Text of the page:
The defendants will not acknowledge the difference between a right of property (ownership) and a right merely of use. A property right confers on its owner among other benefits an option not to develop or exploit his property immediately or continuously-often a valuable option, as where land is bought with the expectation that economic conditions will warrant its development as a residential subdivision ten years hence, or land containing oil shale is bought with the intention of extracting oil at some future time when oil prices will justify the expense of extraction. An investor who believes that development would be premature may be willing to pay more for the property than someone who wants to develop it immediately, and it would be a mistake to burden far-sighted investment by conditioning ownership on use. American Land Holdings of Indiana, LLC v. Jobe, 604 F.3d 451, 458 (7th Cir. 2010); Douglas A. Kysar, "Law, Environment, and Vision," 97 Nw. U. L. Rev. 675, 698-99 (2003); Robert C. Ellickson, "Property in Land," 102 Yale L.J. 1315, 1368-69 (1993).
One can imagine a reading of the word "pipeline" in the easement that would equate it not to the pipe itself but to the pipeline in the sense of a route for transporting oil, just as one might speak of an "air corridor" between New York and Chicago even if no airlines were operating between those cities. Maintaining the pipeline would then just mean preserving the option to use the easements for future transportation of oil, even if the existing pipeline crumbled to dust. But one of the phrases we quoted from the conveyances that created the easements-"such pipe lines or other structures" (emphasis added)-implies that the word "pipe lines" refers to the physical pipeline, not the easements. On this reading, the dismantlement of the pipe would have terminated the easements. Cf. Chicago & Eastern Ill. R.R. v. Clapp, 66 N.E. 223, 225 (Ill. 1903); Schnabel v. County of DuPage, 428 N.E.2d 671, 679 (Ill. App. 1981). Yet even this reading would not defeat Enbridge's claim. The successive owners of the original 10-inch pipeline maintained it at a level at which it could have been put back into service with additional expenditures to clear out the rust and replace broken parts. That minimal maintenance, preserving the option of a future use not just of the easements but of the existing physical pipeline, was enough to establish that the owners maintained the pipeline within any meaning that could reasonably be assigned to the easements and had no intention of abandoning it, for if they had intended to do so they wouldn't have spent even a penny on maintenance.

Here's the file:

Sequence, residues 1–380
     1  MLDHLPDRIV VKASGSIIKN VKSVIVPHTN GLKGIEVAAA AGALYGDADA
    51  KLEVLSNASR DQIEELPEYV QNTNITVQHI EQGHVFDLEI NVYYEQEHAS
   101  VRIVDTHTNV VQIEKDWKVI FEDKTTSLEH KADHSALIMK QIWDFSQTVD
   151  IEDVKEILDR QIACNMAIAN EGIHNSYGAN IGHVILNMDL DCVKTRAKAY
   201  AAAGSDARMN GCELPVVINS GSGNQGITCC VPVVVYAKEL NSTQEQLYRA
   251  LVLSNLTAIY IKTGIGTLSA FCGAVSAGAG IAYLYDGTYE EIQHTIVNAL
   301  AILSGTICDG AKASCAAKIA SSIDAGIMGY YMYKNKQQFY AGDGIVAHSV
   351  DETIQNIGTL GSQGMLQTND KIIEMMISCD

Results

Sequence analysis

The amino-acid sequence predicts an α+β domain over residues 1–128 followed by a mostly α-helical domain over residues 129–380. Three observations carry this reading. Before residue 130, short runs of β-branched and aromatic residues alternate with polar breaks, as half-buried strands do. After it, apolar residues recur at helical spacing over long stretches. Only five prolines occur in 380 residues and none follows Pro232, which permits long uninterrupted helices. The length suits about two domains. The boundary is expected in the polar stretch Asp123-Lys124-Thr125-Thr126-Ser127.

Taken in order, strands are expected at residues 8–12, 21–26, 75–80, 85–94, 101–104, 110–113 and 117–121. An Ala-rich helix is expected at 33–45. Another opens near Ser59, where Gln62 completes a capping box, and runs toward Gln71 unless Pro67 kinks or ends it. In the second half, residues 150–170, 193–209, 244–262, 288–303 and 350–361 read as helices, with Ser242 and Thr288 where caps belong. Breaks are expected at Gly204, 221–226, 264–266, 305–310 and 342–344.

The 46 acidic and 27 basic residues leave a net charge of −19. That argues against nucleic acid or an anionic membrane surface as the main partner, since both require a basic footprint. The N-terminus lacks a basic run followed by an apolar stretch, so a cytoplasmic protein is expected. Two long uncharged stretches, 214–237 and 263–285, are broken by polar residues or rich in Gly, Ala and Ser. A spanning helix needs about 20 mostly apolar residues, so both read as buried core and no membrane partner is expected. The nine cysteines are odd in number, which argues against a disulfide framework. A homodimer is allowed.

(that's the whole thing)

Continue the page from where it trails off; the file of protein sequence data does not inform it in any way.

The district courts had jurisdiction and the easements have not been forfeited. The judgments are therefore